Chalange Lab - Solutions

Challenge lab - Solution

 

Ticket 1:

 

The problems:

 

There are two problems:

 

1.     R2 is missing DLCI mapping for its P2P interface S1/0.26.

2.     R2 is using EIGRP process #11 while R6 is using process #1. They need to match in-order for EIGRP to form an EIGRP relationship.

 

The Fix: 

 

1.     Map interface S1/0.26 to DLCI 206.

2.     Change R2's EIGRP process # to 1. 

3.     Also remember to fix the redistribution of EIGRP to RIP because you deleted Eigrp 11.

 

Ticket 2:

 

The problem:

 

R6 was configured with a static route to 21.21.21.21 pointing to F0/0 as the next hop.

 

When using a static route pointing to an Ethernet interface, R6 will use proxy-arp, and send an ARP request on F0/0 for 21.21.21.21.

 

The problem is that BB1 is not responding to these requests.

 

The fix:

 

Add a static arp entry to map 21.21.21.21 to BB1's F0/0 MAC address.

 

 
Ticket 3:


Notice: There is a problem, really!!!!

 
The problem:


ODR is enabled on R6. BB2 has a bogus interface IP address with R2's F0/0 IP address.

 

When pinging from R6, we actually ping BB2 and not R2. We need to enable ICMP debugging on R2 to verify this.

 

The fix:

 

Disable CDP on the interface facing BB2, R6's F0/1.

 
Ticket 4:

 

The problem:

 

Someone, sourced at 1.1.1.1 is injecting bogus RIP routes to R2's F0/0 interface. 

 

R2 should have discarded these RIP advertisements, but it was configured with "no validate-update-source" in its RIP process configuration.

 

Also, there is no EIGRP neighbor adjacency between R5 and R6 as R5 is configured with passive-interface default.

 

The fix:

 

Re-enable the "validate-update-source" on R2 and remove the "passive-interface default" from R5.

 

Ticket 5:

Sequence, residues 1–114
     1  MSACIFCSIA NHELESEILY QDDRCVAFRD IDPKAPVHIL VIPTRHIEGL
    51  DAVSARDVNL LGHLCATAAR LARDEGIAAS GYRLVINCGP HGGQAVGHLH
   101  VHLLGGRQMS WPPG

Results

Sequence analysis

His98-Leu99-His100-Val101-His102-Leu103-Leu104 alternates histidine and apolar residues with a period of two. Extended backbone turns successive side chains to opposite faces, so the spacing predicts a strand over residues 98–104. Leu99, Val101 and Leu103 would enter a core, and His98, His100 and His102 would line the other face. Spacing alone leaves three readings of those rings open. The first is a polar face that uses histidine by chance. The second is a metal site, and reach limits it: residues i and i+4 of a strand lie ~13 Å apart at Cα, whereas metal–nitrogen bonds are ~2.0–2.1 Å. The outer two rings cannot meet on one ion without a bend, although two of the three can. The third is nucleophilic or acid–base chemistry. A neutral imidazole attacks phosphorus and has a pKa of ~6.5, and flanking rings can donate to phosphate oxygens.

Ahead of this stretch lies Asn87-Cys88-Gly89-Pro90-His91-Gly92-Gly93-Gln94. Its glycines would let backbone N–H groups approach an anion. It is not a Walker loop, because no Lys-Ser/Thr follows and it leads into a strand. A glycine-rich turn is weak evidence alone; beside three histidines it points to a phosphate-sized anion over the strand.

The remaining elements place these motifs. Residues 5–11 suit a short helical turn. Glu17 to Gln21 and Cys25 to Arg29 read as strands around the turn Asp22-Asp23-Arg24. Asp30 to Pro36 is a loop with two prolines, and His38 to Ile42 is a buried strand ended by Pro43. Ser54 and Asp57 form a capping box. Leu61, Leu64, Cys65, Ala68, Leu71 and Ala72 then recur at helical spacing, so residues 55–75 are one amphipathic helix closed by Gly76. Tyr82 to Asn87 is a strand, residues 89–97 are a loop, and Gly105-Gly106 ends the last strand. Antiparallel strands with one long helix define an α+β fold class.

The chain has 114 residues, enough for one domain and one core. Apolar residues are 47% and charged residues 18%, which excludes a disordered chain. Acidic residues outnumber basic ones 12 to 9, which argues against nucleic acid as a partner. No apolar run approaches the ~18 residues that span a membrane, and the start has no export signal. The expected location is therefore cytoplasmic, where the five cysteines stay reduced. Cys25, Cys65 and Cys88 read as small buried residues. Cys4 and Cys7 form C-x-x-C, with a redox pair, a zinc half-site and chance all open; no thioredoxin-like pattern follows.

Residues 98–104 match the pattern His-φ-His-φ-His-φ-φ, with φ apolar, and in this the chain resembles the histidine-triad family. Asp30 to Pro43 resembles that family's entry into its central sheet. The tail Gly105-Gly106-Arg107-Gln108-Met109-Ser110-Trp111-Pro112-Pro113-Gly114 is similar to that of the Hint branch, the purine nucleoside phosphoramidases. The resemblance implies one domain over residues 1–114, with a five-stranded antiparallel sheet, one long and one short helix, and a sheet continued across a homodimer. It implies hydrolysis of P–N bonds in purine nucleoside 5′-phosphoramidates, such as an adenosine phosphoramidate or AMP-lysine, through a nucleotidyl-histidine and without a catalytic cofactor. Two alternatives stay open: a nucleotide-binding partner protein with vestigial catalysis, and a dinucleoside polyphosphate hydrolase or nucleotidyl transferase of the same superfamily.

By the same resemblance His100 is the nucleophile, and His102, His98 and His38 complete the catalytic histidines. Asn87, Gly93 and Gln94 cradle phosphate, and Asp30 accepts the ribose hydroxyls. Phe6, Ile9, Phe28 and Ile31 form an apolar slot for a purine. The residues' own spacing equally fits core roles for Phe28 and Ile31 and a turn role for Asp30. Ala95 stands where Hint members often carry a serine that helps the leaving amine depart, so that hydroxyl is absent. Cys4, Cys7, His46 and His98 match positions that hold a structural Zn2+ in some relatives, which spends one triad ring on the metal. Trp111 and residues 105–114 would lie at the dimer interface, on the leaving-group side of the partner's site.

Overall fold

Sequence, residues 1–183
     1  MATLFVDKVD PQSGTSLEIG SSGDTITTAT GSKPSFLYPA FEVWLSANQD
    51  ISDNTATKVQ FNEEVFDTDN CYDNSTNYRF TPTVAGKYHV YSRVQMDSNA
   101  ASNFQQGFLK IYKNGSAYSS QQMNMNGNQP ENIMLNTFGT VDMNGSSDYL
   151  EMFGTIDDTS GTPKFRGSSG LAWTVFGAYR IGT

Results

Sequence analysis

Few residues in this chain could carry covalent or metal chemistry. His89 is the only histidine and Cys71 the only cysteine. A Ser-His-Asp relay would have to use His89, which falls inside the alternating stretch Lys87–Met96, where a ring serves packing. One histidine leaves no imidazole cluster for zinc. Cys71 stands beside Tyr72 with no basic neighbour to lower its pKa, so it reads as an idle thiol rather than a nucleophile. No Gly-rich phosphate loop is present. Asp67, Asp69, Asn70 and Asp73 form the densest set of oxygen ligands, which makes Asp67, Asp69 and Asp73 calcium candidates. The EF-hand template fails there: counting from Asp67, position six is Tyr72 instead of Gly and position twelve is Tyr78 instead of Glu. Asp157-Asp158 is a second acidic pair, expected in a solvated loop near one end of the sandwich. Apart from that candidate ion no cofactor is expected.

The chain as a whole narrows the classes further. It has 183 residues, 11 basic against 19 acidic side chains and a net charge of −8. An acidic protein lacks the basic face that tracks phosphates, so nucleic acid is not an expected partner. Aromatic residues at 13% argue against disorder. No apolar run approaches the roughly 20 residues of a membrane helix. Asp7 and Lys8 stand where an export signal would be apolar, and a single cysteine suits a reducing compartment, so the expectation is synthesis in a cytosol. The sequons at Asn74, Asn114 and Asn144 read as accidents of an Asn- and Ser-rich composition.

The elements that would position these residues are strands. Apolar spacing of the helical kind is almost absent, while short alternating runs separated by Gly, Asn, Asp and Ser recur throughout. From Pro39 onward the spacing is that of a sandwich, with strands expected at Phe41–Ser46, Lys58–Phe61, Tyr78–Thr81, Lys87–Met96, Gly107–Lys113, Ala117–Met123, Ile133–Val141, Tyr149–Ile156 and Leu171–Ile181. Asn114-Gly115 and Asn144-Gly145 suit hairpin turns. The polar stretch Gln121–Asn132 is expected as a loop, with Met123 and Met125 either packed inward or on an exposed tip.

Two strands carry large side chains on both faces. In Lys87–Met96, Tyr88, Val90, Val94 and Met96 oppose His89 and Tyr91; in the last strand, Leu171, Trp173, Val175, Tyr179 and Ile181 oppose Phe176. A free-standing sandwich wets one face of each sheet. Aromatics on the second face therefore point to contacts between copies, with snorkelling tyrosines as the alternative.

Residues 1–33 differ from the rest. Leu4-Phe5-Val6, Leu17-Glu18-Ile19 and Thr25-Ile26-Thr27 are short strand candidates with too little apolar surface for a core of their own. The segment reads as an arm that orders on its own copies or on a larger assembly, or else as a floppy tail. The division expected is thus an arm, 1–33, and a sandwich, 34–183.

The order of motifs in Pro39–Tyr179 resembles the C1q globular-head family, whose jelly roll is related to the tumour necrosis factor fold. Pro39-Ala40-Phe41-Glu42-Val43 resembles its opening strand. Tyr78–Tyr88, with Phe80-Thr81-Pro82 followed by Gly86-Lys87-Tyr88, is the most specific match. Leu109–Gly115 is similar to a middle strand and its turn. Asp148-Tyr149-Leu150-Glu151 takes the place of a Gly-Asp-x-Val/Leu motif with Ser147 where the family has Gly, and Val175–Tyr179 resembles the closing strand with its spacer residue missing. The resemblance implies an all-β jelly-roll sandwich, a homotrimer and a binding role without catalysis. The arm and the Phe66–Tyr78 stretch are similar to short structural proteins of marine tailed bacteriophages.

The problem:

 

R5's router ID is not set manually, therefore, OSPF process choose 200.5.5.5 instead of 136.86.5.5, but the virtual link configured on R4 is using R5's Lo0 ip address.

 

The fix:

 

Set the OSPF router-id on R5 manually, and bounce the OSPF process.

 

 
Ticket 6:
 

The problem:

 

R3's Serial1/0 interface is administratively down.

 

R4 is using the same IP address for both S1/0.14 and S1/0.34, resulting in duplicate IP address, and we all know that OSPF can't handle this with it’s SPF calculation.

 

Note, here the diagram is wrong, and that was done on purpose. As in real life, documentation is not always perfect, and since this task is all about IP addressing, you might have missed the duplicate IP addresses by just relying on the diagram. But a closer look should have raised some questions.

 

The fix:

 

Enable (No shut) interface Serial1/0 on R3.

 

Use "ip unnumbered s1/0.14" on s1/0.34 or place s1/0.34 under different OSPF process.

 

 
Ticket 7:
 

The problem:

 

R4 is the DR on the link towards R6. However R4 has no RP mappings.

 

The fix:

 

Configure R4 not to be the DR by settings its priority to 0. Now R5 is the DR on the link between R5 and R4, and R5 knows who the RP is.

 

 
Ticket 8:
 

The problem:

 

Both the route-map and the distribute-list where configured to comply with the policy, but they do not work together. The order of operation as far as policy enforcement in BGP is very important BUT an easy task to remember:
 

·  Outbound policy evaluation order: Don't Plan Fix Results.

·  Inbound policy evaluation order: the reverse order of the outbound order.

 

What does “Don't Plan Fix Results” stands for?
 

·  D – Distribute-list

·  P – Prefix-list

·  F – Filter-list (AS path filter)

·  R – Route-map

 

The route-map that's setting the "no-export" community is also filtering all other routes before ACL#11 has a chance to filter only the 24.24.24.1 prefix.

 

The fix:

 

Configure the "fromBB4" route-map to allow all other routes from BB4, and do a “clear ip bgp 24 in”.

 
 
Ticket 9:
 

The problem:

 

R4 is not part of the BGP network, therefore, it doesn’t know about BB4's routes.

 

The fix:

 

Enable MPLS on the interfaces between R1 and R5.

 

Set the LDP router-ID on R5. You will need to reload R5.


There is no need to set a static route on R1 for R5's Lo0 IP address, as we do not need an LSP on the way back, as R4 knows how to reach R6's IP addresses. .
You can also use NAT on R5 or even IPSEC tunnel on R5 or R6.
Ticket 10:
 

The problem:

 

The static NAT IP local inside IP address is wrong.

 

R6 is using NAT to allow R2 to communicate with BB1, as BB1 doesn’t have a route back to R2.

 

R6 is using an inbound ACL which is using R2's real address instead of R2's global address.

 

The fix:

 

Fix NAT IP addresses.

 

Change the ACL to allow returning traffic to R2's global address.